Parliament begins process to amend University of Ghana Act

Joy News can exclusively confirm that a private members’ motion has been filed in Parliament seeking the removal of the restriction clause in the Act establishing the University of Ghana, Legon.

The clause empowers the University to restrict the use of its facilities by non-members of the university.

This motion will thus compel the minister of education to re-introduce the Act for a possible removal of the clause and pave way for easy access to the university’s campus .

According Joy News’ Parliamentary Correspondent, Elton John Brobbey, the private members’ motion which was filed last week, is seeking to amend Section 3 of the University of Ghana Act 806.

If this is done, members of the public will have free access to the university’s campus. Section 3 of the Act which was passed in 2010, makes provision for only members of the university to have free access and privileges of the university. Currently, non-members are not entitled to have access to the school.

Last week the university enforced the provision but the implementation of the policy was completely derailed by opposition from motorists, including some parents of pupils at the University Basic School. The issue also gained prominence in Parliament when the matter was raised on the floor.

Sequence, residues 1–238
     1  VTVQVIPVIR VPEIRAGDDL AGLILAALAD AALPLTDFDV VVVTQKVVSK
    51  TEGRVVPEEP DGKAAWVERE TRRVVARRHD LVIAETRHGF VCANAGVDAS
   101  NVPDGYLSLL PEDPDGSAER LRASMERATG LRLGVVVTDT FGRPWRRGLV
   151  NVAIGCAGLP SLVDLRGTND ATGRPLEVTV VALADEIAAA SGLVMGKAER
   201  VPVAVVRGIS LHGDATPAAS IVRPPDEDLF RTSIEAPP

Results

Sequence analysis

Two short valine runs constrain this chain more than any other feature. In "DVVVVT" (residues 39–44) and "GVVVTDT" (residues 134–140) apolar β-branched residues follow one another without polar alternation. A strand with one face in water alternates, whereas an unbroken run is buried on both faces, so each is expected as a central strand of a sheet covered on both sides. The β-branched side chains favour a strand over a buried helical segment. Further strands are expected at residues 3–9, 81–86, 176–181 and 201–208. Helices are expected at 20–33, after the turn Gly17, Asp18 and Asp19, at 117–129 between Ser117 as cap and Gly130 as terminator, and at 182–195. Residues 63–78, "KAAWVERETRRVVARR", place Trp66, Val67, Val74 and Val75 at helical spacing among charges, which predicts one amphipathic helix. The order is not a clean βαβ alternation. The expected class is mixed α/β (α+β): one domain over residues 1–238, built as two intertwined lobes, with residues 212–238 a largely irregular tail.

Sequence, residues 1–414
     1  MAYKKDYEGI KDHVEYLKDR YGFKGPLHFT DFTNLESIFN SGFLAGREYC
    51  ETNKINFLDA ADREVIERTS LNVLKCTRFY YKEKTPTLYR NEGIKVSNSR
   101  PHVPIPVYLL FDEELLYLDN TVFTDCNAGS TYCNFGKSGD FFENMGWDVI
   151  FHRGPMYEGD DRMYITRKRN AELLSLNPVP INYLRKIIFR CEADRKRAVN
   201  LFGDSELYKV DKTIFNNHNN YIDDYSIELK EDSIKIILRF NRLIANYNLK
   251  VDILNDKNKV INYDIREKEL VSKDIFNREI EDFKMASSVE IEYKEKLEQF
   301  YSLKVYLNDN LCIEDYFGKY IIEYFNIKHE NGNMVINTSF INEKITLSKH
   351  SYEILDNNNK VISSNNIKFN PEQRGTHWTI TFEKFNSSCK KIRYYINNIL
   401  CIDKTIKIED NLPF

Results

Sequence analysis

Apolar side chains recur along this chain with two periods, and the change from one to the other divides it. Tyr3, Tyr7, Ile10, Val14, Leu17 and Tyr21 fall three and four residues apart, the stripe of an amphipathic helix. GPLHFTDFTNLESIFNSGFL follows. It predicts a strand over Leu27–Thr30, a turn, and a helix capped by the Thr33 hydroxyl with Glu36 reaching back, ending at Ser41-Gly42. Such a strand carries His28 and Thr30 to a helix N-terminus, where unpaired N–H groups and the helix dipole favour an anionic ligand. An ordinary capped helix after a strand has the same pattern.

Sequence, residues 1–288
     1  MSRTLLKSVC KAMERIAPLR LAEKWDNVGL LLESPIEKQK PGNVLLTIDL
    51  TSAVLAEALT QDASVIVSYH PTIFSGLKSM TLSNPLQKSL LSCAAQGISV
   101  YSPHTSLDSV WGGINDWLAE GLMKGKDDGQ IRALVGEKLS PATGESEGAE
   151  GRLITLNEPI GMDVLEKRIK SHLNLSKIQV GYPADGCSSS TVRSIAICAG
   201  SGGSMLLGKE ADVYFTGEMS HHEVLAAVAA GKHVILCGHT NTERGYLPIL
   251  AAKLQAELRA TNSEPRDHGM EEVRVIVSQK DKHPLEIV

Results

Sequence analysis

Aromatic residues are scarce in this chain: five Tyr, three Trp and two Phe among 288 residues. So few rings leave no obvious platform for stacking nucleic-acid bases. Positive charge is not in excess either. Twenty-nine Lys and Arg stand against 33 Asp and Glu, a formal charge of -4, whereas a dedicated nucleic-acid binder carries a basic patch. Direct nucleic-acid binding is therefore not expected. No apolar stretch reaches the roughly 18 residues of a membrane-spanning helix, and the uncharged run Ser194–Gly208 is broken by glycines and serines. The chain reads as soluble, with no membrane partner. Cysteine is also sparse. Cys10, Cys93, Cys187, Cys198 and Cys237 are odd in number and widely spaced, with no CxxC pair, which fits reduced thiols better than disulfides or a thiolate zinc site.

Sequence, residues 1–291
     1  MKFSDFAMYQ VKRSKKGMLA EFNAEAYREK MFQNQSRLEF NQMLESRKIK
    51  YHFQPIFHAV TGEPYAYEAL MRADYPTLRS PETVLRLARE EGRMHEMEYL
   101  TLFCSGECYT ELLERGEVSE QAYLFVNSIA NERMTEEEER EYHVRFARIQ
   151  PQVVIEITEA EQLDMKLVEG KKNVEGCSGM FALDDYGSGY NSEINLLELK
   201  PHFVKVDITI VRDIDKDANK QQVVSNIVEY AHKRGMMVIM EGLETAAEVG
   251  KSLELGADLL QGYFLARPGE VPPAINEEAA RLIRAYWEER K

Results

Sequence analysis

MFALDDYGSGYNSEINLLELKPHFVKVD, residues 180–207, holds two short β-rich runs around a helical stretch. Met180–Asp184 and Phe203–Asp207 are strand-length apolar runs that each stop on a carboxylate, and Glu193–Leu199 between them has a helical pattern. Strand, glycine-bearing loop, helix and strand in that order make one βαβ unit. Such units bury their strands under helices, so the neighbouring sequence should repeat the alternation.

The motion expected to be heard this week, is proposing a repeal of the restriction section.  But Elton reported that, even before debate starts on the motion the house appears divided on the matter.

Majority chief whip, Mohammed Muntaka Mubarak is in support of the amendment to the Act “to best serve the public and the country”.

“The University [of Ghana] is supposed to serve the public…[but] with the implementation of just this Clause Three; it tells us that we need to be careful and if this is reintroduced, believe me there will be many more clauses in this Act that I will seek (sic) its amendment because, I think that it can easily be abused”.

Meanwhile, ranking member on the Legal and Constitutional Affairs Committee Joe Osei Owusu says the approach is “totally wrong”.

“The University should be able to regulate who comes in and through what means…It is a known fact that there’s huge security challenge to the University; criminals because of the free access, coming in and [going] out, attacking students, stealing from their hostels and their lecture rooms.

He argued the University must be given the powers to restrict who uses its facilities. 

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